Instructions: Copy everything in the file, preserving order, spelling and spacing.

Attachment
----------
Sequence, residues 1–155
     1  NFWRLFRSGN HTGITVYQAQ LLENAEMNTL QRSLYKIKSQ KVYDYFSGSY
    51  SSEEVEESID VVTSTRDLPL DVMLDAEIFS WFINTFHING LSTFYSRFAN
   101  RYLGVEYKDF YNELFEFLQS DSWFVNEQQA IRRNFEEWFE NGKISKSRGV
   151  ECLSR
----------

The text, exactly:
Sequence, residues 1–155
     1  NFWRLFRSGN HTGITVYQAQ LLENAEMNTL QRSLYKIKSQ KVYDYFSGSY
    51  SSEEVEESID VVTSTRDLPL DVMLDAEIFS WFINTFHING LSTFYSRFAN
   101  RYLGVEYKDF YNELFEFLQS DSWFVNEQQA IRRNFEEWFE NGKISKSRGV
   151  ECLSR